Released on the first Friday of every month, the U.S. nonfarm payroll report is one of the most highly anticipated economic releases for currency traders. Not only does the report carry with it extreme daily volatility, but it can also help or hurt a long-term currency trend. Here's an inside look at what the report entails and how an investor can profit from it. (For more, check out Trading The Nonfarm Payroll Report.)
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What It Is
Reported monthly, the U.S. nonfarm payrolls survey is compiled by the Bureau of Labor Statistics (BLS) - a division of the United States Labor Department. It includes important employment data that is comprised through the compilation of two surveys: the household and establishment or payroll survey. The household survey is relatively self explanatory – it is based on interviews with U.S. households. But, the establishment survey is built on interviews with U.S. businesses. This is key to the report as it shows what U.S. manufacturers and other businesses are thinking about when it comes to the economy. If business owners see positive economic growth in the future, they will increase hiring and boost overall survey results.
Aside from the headline figure, additional numbers are released in order to support or deny the Bureau's findings; These include the unemployment rate, average hourly earnings and the manufacturing subcomponent of the report. The manufacturing subcomponent shows specific growth or contraction in the manufacturing sector every month. (To learn more about the unemployment rate, read The Unemployment Rate: Get Real.)
Looking at the Numbers
Now that we have that all settled, what goes into analyzing the nonfarm payrolls number? And, even more importantly, how does a foreign exchange investor view it?
When analyzing the U.S. nonfarm payroll employment survey and its subcomponents, it's always good to take a look at other important economic reports first. This is because sometimes these additional reports can help a currency investor clue in on the actual NFP result before the release. Now, it doesn't produce a definitive number. But, a currency investor can narrow the field of results by taking a look at these three reports.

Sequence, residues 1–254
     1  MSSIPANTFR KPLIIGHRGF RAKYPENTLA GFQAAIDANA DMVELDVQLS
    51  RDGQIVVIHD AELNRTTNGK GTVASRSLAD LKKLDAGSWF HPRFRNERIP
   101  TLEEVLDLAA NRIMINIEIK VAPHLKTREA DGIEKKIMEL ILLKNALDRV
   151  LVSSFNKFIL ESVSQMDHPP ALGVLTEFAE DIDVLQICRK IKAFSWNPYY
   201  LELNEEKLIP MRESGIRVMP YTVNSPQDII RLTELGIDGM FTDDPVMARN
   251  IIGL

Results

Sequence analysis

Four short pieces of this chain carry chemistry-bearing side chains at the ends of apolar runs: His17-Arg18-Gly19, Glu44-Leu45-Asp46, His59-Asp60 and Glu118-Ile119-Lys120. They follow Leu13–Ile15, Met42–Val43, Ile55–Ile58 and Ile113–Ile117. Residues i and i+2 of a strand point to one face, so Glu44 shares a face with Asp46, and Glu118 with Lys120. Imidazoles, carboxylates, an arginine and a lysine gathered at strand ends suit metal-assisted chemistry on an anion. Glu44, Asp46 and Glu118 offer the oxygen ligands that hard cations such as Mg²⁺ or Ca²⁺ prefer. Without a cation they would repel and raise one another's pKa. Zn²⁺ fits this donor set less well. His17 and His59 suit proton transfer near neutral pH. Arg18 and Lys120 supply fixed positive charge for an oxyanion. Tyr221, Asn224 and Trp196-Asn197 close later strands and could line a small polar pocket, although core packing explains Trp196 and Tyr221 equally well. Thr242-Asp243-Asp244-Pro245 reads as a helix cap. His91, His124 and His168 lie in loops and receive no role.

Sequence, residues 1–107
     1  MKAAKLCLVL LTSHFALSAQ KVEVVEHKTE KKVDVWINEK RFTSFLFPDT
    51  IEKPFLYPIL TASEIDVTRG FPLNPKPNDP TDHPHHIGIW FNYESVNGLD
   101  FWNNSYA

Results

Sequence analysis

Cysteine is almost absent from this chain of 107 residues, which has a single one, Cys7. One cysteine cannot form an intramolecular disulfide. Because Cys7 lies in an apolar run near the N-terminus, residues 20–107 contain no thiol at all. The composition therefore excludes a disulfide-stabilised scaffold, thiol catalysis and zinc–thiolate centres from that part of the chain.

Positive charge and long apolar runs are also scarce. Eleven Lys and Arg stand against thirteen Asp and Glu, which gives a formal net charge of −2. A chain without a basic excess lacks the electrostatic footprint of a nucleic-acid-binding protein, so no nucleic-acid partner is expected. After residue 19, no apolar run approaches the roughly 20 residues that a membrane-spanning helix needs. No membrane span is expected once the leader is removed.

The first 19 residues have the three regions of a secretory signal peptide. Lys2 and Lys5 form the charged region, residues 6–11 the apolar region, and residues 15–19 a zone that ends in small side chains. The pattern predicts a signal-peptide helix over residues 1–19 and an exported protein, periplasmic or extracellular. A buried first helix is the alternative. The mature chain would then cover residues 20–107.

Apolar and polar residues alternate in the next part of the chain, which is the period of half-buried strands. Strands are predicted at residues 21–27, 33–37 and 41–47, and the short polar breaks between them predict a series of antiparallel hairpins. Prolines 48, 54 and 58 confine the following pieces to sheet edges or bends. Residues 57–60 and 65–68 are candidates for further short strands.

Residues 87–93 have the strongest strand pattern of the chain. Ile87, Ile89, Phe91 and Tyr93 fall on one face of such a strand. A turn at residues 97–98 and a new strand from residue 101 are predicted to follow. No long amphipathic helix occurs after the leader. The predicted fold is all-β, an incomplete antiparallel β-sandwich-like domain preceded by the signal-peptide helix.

- ISM Manufacturing Survey
Mainly a manufacturing report, the release does include an employment subcomponent. It doesn't offer any specific numbers. But, it does show the direction in which some companies are moving. A figure higher than 50 is symbolic of expansion in employment - while a figure below 50 signifies contraction.
- ADP Employment Report
A national survey, the ADP Employment Report is usually released a couple of days before the official NFP report. The report offers actual insight into private business sector employment trends and is widely seen as a precursor to the government's report.
- Initial Jobless Claims
A weekly report tracking claimers of unemployment benefits, this release offers great insight into conditions in the U.S. labor market. Although it has a low rate of impact on the markets, the report is crucial for macroeconomic analysis and foreign exchange traders. But, there's one thing to keep in mind - keep an eye on the four-week moving average. This is a great gauge to see where the current number falls in relation to recent trends. (For more indicators, see Using Coincident And Lagging Indicators.)
Like any other piece of economic data there are three ways to analyze the U.S. nonfarm payrolls number:
- A higher payroll figure is good for the U.S. economy. This is because more job additions help to contribute to healthier and more robust economic growth. Consumers who tend to have both money and a job tend to spend more - leading to all around growth. As a result, foreign exchange traders and investors look for a positive addition of at least 100,000 jobs per month. Any release above - let's say 200,000 - will help to fuel U.S. dollar gains. An above consensus estimate release will have the same effect.
- An expected change in payroll figure causes a mixed reaction in the currency markets. FX investors witnessing an expected change in the NFP report will turn to other subcomponents and items to gain some sort of direction or insight. This includes the unemployment rate and manufacturing payrolls subcomponent. So, if the unemployment rate drops or manufacturing payrolls rise, currency traders will side with a stronger dollar - both being positives for the U.S. economy. But, should the unemployment rate increase, along with a decline in manufacturing jobs, investors will instead drop the U.S. dollar for other currencies.
- A lower payroll figure is detrimental for the U.S. economy. Like any other economic report, a lower employment picture is negative for the world's largest economy - and the greenback. Should the NFP report show a decline below 100,000 jobs (or a less than estimated print), it's a good sign that the U.S. economy isn't growing. As a result, FX traders will favor higher yielding currencies against the U.S. currency.
The Bottom Line
Employment will always be a hot topic when it comes to FX trading. It is a key driver of economic expansion and the basis for the survival of any economy. As a result, U.S. nonfarm payrolls will always serve as an important piece of news for the currency investor and trader. Those who know its implications and how to analyze it will always have an edge against those who don't. (For more on unemployment, read What You Need To Know About The Employment Report.)
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